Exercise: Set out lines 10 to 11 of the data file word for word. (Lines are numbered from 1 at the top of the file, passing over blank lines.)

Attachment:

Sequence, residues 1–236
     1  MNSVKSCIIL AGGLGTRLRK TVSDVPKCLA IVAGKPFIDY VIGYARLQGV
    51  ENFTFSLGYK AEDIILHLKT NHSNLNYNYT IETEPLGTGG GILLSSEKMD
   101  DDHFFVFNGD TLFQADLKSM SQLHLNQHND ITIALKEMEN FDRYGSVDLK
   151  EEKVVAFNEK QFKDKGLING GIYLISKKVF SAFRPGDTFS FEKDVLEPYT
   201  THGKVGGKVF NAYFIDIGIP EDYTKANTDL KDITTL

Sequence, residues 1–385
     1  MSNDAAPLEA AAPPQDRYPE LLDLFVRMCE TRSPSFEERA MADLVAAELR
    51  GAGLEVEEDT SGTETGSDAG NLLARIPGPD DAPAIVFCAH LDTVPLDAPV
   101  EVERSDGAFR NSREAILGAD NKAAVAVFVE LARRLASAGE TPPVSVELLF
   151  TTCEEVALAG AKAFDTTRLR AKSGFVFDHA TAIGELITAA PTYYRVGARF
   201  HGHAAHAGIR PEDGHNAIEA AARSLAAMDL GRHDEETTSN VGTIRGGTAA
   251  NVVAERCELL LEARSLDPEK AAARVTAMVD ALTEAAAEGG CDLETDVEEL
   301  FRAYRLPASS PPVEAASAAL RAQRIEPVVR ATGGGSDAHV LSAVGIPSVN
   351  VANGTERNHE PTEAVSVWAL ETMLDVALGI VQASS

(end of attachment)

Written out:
   101  EVERSDGAFR NSREAILGAD NKAAVAVFVE LARRLASAGE TPPVSVELLF
   151  TTCEEVALAG AKAFDTTRLR AKSGFVFDHA TAIGELITAA PTYYRVGARF